We had family waiting for us. Louise's son Brian and his wife and son relocated to LA two years ago from New York City, and Louise's daughter Lisa chose LA as the place to spend her sabbatical year after getting tenure recently at Cornell, in part to collaborate with colleagues in her field at UCLA and USC, in part for the chance for her and her family to spend time with big brother Brian and his. Then the chance to be involved in Chinglish came up for Brian, and he took off with wife Ardy and son Cedro for Chicago just weeks before Lisa and family arrived in LA. No sooner did the play end its blockbuster 7 weeks in Chicago when they were all packing up for NYC as the play went to Broadway. In short, it was Lisa's family, not Brian's, that welcomed us to LA, and we had many visits to the playground a few blocks from their apartment to celebrate being with our charming and energetic grandkids Elise and Issei and their parents.
Ardy did have a chance to visit LA for a few days in early December while Brian did his understudy gig on Broadway, standing by as spare equipment if any of three actors got ill or truly broke a leg (none did, as it turned out). Seeing the boys, Issei above and his cousin Cedro below, 4½ and 1½ years old respectively, isn't it amazing how quickly kids go from crawling to standing to running to leaping off things!
When we weren't playing with grandkids, writing our blog or enjoying books and dvds from the Santa Monica Public Library, we went off exploring. One of the most interesting sites was the La Brea Tar Pits in Hancock Park. It sits next door to LACMA, the Los Angeles County Museum of Art, seen in the distance behind the pond in the photo below. The pond is a modern artifact due to the pooling of water where there was an excavation a century ago, but at the east end the city has installed a statue group showing a mastodon family getting into deep trouble in what would likely have been a smaller patch of tar, possibly covered with a coating of dust and leaves. And, like quicksand, there was usually no getting out once you got in. The bubbles, by the way, are methane being burped up by bacteria as they gorge themselves on petroleum seeping up from a large underground reserve. At various places around the park you can see tar seepages still, like this one a volunteer docent is describing to Louise. Watch your step!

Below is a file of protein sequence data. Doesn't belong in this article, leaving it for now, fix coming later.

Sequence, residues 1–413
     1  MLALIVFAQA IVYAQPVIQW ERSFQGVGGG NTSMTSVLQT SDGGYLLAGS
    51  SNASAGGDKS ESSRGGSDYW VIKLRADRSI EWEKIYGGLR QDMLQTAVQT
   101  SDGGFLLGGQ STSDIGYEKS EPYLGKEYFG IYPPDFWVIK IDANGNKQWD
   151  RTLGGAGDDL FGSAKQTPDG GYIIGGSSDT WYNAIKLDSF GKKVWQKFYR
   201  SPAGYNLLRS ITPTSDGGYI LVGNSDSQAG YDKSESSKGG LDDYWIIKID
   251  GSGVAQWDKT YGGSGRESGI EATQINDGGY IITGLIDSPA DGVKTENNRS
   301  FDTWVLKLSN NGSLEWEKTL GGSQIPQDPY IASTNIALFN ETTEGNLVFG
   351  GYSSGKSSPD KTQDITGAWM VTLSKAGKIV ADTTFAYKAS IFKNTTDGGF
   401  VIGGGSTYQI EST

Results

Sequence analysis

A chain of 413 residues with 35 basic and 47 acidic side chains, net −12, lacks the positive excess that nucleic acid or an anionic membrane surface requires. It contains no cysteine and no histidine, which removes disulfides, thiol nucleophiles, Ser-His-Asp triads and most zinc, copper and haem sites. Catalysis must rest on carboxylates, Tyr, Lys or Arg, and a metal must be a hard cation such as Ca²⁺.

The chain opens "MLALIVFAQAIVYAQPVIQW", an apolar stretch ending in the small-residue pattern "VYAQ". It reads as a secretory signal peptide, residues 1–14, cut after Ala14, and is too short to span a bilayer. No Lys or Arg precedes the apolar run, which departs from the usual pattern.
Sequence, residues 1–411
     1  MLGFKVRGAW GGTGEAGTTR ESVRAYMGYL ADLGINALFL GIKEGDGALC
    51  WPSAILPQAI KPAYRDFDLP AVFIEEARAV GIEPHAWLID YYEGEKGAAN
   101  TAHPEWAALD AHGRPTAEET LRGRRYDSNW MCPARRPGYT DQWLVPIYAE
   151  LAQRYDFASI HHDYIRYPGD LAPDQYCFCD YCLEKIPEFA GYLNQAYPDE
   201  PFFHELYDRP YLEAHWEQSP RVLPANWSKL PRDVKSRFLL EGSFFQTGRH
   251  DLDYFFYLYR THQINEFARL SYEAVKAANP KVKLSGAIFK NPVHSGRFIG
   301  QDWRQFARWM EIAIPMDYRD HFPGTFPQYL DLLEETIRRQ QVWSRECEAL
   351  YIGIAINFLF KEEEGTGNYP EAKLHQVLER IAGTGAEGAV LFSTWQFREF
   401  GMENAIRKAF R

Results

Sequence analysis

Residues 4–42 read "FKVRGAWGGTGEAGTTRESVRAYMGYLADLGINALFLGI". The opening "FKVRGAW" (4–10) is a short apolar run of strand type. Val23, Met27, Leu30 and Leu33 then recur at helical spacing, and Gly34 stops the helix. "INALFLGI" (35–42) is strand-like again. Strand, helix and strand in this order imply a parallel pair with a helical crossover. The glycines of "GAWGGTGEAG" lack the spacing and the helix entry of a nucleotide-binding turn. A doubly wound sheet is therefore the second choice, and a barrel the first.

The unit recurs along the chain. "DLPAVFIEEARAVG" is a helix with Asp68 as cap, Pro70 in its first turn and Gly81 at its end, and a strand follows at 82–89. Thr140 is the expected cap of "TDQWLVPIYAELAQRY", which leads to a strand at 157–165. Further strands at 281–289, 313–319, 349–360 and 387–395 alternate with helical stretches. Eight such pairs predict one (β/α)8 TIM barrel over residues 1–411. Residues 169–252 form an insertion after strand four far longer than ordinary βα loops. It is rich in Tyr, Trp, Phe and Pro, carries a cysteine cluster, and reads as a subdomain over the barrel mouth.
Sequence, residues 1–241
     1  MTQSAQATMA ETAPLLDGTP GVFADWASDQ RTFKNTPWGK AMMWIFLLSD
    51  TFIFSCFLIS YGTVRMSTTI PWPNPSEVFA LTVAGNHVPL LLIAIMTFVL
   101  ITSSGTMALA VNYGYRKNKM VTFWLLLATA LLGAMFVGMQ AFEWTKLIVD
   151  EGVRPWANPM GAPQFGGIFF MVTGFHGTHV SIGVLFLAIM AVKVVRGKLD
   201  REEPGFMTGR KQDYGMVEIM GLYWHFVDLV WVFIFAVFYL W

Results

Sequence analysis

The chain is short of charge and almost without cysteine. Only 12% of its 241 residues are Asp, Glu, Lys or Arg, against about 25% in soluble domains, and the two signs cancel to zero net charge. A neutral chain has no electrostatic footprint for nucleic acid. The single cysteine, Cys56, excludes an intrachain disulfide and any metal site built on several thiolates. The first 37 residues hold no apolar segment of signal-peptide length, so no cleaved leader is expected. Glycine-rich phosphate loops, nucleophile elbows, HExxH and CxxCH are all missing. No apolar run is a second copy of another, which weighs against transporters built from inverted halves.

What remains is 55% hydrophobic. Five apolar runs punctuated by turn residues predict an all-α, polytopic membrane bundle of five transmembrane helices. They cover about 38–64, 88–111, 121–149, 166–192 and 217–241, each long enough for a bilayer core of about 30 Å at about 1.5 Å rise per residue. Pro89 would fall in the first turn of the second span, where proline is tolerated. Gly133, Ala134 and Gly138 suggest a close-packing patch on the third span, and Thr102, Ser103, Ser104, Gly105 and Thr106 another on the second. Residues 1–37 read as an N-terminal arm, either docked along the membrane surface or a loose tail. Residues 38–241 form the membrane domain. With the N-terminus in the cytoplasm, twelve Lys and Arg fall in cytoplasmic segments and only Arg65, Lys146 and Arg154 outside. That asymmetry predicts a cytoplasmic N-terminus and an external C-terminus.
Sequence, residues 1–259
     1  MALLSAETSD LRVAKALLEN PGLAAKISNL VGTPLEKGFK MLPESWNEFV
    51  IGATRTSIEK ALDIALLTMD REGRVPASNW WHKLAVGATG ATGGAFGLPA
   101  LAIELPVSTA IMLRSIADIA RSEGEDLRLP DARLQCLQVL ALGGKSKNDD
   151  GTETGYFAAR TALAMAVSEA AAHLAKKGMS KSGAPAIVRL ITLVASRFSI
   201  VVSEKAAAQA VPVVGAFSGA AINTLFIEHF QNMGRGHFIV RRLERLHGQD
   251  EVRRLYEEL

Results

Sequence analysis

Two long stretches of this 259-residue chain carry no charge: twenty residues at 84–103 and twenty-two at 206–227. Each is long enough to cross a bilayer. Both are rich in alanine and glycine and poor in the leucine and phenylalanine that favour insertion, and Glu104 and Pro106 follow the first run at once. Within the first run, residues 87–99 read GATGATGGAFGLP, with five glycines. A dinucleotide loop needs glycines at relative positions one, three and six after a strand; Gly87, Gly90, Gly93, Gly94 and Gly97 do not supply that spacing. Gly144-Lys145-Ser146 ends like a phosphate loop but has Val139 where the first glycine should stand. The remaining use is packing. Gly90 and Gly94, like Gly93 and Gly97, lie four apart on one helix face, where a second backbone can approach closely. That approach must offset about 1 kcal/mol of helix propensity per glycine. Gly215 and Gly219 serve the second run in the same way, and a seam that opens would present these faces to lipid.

Over one million bones from 231 species of vertebrates and 234 species of invertebrates have been excavated, and they're still digging. There is one active excavation pit, plus 23 bedroom-sized boxes of material scooped out when LACMA started to build a new garage and hit a new mother lode, now slowly being picked apart. The Page Museum in the park tells the story, and shows you what a lump of tar looks like with bones and then with the tar removed. We don't recommend the museum for impressionable kids dealing with monster dreams, though, as the entrance takes you past a dimly lit room where the light comes on for a few seconds showing a sabre-toothed tiger skeleton, scary enough until the skeleton disappears and the tiger itself comes to life around where the skeleton just was.
A more sedate venue for a hike was the Hollywood Hills. We took 2 buses to reach Grauman's Chinese Theater, famous for the Hollywood Walk of Fame and all those handprints in the sidewalk. And, these days, for superhero and bad guy wannabees hanging out in front. Think sabre-toothed tigers and Darth Vader are scary? Try spending a night sleeping in a house like this one nearby, knowing that it's only a few miles from the San Andreas Fault! We headed for the hills ourselves, into the scenic Hollywood Hills of course, past many less insomnia-inducing homes and occasionaly to expansive vistas. And that tower? It's a private elevator connecting folks up in the hills with their garages down below, so they don't have to do stairclimbs like the ones we photographed (and hiked).
As the end of December approached we had the Challenge of the Christmas Tree at Lisa's. No live trees allowed in her apartment building, and it seemed way too extravagant to buy an artificial one to use only once. Grandma and Grandpa to the rescue! We bought a large piece of green felt and a book of Christmas stickers for almost nothing, Lisa found some ribbon the kids could make into chains with scissors and glue, and presto magico, a Christmas tree we all took part in creating!
The day after Christmas, Jeff's son Matt arrived with wife Akiko and son Tyler, seen here asking if this present is for him. Soon they were joined by Jeff's daughter Becky with her husband Sean and stepkids Zoe and Ivy. Since Matt lives in Tokyo (when not on assignment for Citibank in Saigon or Dalian China, as he has been for the past year and a half), and Becky lives in Austin Texas, this is actually the first time both entire families had gotten together! We celebrated with a bike ride, of course, except for Sean and Zoe who did a driving tour of LA and beyond.
Santa Monica has a terrific beach, and we all enjoyed it though perhaps none as demonstrably as Matt and Tyler!
We ended our family gathering with a New Years Eve dinner at an Italian restaurant in Santa Monica, preceded by a short visit to the Santa Monica Pier. For a century it has had amusement rides, and each kid got to choose two. Ivy and Zoe chose to play big sisters for Elise on one of those whip-the-whip rides, and they all seem to be having a great time!
Come join us in the summer of 2012 as we unload the tandem from Amtrak in Boston, point it north, and explore the coast of Maine all the way up to Acadia National Park, then zigzag our way across New England to New York City, where we have an apartment rented for the month of September. Look for the first blog entries in late June. Happy Trails to all 'til then!